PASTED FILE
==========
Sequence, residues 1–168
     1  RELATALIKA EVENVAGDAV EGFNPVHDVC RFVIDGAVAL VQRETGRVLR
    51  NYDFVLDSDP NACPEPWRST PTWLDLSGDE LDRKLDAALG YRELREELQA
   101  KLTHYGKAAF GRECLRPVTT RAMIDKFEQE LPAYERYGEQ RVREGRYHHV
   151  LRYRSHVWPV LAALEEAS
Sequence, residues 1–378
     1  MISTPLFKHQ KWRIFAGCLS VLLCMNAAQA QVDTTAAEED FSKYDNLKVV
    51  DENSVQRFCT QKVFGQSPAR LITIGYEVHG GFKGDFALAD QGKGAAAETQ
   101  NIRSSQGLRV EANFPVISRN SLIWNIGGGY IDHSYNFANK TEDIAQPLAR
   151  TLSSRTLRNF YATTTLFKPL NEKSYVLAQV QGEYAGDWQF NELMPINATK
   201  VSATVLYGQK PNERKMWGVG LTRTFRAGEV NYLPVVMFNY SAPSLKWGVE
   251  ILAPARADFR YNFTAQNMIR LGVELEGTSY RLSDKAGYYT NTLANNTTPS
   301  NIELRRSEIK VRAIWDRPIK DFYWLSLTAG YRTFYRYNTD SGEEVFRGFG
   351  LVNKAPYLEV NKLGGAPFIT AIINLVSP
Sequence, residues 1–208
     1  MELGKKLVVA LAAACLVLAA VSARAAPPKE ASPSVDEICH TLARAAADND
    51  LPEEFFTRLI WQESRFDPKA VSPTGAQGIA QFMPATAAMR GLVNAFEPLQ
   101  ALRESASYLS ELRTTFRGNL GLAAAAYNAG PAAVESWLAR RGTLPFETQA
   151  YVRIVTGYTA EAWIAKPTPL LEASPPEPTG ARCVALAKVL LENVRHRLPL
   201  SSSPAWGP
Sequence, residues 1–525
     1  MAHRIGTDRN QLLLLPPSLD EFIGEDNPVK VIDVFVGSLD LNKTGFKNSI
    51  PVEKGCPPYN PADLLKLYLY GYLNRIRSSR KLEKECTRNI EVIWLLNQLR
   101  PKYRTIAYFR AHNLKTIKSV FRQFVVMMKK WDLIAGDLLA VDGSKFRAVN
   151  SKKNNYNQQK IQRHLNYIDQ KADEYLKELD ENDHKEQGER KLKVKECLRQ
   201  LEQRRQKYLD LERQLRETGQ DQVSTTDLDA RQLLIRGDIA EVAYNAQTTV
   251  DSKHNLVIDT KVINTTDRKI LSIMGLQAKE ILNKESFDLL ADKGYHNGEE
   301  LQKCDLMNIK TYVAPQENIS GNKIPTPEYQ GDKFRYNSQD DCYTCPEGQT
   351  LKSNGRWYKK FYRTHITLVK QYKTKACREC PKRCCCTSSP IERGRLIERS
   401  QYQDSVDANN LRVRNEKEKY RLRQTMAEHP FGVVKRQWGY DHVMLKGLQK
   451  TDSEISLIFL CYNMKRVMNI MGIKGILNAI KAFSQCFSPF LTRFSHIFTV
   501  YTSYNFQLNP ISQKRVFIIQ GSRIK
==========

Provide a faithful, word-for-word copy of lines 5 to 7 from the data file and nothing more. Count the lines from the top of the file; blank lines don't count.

   151  LRYRSHVWPV LAALEEAS
Sequence, residues 1–378
     1  MISTPLFKHQ KWRIFAGCLS VLLCMNAAQA QVDTTAAEED FSKYDNLKVV